Getting back to putting on live music concerts is tricky.
“The biggest risk factors here for the pandemic are interstate travel and mass gatherings, and we’re guilty of both,” Billy Hardison said.
Hardison is with Louisville promotion company Production Simple and a former marketing and special events coordinator for Louisville Public Media. He’s also Kentucky’s precinct captain for the recently formed National Independent Venue Association, or NIVA, a collective of nearly 1,500 independent venues and promoters lobbying the federal government for more support for the live music industry during the pandemic.
As states around the country, including Kentucky, start to ease restrictions and reopen sectors of the economy, those working in the live music industry are grappling with when and how to safely reopen the doors to their venues.
Under Gov. Andy Beshear’s “Healthy at Work” program, groups of 50 won’t be allowed till July. But Hardison said he doesn’t know of anyone rushing to reopen and there’s “a lot of angst wrapped up in what this potentially looks like.”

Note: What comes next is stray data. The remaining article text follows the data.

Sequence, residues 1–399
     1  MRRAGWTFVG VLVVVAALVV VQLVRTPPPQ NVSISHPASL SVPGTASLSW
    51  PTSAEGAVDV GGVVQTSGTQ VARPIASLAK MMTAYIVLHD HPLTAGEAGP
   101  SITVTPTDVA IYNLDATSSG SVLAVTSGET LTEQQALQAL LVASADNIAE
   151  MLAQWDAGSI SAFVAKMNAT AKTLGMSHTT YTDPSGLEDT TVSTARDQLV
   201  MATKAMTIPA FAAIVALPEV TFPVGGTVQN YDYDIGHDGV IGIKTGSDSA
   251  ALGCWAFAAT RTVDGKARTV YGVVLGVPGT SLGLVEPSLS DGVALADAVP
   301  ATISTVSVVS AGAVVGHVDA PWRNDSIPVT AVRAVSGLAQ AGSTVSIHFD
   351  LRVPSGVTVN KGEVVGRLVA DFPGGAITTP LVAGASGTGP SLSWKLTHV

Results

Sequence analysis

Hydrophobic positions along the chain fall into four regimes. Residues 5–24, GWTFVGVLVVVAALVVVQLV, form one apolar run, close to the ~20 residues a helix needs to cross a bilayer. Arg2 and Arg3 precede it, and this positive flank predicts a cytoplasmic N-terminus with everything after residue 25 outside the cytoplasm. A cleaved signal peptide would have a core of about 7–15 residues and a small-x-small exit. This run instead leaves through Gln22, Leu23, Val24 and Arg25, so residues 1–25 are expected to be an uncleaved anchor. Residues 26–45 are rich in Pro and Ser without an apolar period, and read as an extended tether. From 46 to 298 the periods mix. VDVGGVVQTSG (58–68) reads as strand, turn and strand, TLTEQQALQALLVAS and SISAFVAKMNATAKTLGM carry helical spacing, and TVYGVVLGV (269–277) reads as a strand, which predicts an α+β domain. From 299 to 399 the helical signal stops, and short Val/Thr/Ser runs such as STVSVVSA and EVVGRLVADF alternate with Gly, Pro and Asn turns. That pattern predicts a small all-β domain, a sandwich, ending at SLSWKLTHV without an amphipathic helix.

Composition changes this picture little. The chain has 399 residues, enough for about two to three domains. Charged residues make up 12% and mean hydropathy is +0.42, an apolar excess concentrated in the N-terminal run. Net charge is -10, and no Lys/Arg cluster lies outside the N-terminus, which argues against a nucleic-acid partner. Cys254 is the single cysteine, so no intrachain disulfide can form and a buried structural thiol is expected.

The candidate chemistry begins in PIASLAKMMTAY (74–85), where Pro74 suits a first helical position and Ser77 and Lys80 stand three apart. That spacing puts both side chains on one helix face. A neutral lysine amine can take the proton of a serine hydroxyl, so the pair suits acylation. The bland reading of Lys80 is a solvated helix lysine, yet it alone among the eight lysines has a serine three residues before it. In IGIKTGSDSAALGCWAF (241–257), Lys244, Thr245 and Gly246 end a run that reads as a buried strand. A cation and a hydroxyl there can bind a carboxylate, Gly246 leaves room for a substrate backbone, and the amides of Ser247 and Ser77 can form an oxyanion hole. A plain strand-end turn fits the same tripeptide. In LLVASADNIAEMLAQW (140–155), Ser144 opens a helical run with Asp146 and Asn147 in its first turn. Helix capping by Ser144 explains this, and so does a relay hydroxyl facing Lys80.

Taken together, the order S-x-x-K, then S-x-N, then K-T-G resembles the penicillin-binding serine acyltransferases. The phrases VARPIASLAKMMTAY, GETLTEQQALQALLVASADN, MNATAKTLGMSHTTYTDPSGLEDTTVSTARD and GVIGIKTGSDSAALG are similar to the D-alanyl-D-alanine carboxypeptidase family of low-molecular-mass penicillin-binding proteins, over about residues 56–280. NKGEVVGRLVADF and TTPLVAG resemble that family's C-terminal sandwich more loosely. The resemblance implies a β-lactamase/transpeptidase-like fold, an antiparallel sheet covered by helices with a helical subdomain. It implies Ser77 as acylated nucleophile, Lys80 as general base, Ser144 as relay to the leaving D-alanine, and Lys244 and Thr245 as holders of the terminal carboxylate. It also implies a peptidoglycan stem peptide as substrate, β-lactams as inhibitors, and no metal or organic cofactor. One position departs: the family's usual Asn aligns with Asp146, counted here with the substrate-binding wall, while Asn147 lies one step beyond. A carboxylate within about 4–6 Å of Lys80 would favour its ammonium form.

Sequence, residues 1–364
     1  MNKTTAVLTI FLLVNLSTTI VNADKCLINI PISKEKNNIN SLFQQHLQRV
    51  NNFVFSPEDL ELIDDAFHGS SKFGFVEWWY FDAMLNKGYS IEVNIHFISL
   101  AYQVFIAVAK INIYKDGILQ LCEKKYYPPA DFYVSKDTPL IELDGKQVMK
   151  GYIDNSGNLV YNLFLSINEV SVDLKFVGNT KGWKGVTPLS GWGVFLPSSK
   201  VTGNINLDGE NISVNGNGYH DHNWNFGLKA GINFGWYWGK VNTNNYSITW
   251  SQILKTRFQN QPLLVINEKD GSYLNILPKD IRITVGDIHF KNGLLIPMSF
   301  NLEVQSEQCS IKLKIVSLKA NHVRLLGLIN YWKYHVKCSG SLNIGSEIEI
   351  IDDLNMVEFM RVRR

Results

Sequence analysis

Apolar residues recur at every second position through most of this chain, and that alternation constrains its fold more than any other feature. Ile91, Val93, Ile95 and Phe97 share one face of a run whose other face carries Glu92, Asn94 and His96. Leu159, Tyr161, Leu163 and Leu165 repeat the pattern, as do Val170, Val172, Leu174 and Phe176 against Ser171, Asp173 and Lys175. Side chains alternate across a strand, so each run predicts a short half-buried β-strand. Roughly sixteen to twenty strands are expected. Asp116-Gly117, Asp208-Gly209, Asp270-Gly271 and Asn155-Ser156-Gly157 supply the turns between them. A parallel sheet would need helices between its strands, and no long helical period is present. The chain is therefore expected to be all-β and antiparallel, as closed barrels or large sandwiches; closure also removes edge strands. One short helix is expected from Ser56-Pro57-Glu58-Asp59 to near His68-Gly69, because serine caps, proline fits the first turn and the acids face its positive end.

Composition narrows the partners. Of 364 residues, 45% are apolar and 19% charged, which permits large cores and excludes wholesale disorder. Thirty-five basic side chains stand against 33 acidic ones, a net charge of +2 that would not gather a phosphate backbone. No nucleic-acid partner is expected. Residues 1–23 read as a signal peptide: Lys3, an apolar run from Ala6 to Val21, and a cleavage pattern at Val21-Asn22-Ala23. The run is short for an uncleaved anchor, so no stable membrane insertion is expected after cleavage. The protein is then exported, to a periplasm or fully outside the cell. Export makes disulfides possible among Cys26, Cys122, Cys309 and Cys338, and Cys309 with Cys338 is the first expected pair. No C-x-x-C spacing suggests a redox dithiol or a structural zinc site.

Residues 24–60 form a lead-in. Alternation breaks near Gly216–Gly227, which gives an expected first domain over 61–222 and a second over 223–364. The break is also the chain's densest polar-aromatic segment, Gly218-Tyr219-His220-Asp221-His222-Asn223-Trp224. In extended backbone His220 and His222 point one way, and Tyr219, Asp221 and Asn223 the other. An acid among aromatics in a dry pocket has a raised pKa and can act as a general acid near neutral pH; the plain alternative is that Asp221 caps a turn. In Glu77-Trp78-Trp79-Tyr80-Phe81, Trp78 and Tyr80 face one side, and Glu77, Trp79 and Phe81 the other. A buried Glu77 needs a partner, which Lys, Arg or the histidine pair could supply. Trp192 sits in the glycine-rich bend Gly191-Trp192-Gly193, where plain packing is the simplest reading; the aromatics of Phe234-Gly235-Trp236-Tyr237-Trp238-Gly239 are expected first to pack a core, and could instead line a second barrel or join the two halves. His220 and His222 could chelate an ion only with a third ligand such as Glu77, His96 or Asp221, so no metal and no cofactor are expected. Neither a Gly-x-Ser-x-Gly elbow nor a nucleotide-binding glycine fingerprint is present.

There are so many logistical hurdles to work through, like social distancing, not just among fans, but between fans and entertainers as well.
“The front people in these bands are singing their hearts out, aerosoling the crowd while they’re doing it,” he said. “We want to do the right thing and don’t want people to get sick.”
The New Normal For Live Events?
Some venues and promoters are taking cues from a new reopening guidance out this week from the national nonprofit Event Safety Alliance.
Attorney Steven Adelman is ESA’s vice president. He said getting people even into the venue is a major obstacle, and venues will have to rethink how they get concertgoers through the lines where they check your ticket, ID and bag.
“The line potentially could be longer and will definitely be slower,” he said.
They’ll be slower because each person would be screened by someone with medical training to see if they have a fever or are showing COVID-19 symptoms. People would be able to sign up for this virtual queuing ahead of time, scheduling “the time and specific points of ingress that they’ll approach the venue from.”
“I think that will be here to stay,” Adelman said of the virtual queuing. “That’s just a good idea.”
Venues with seating will have to rethink protocol, he added.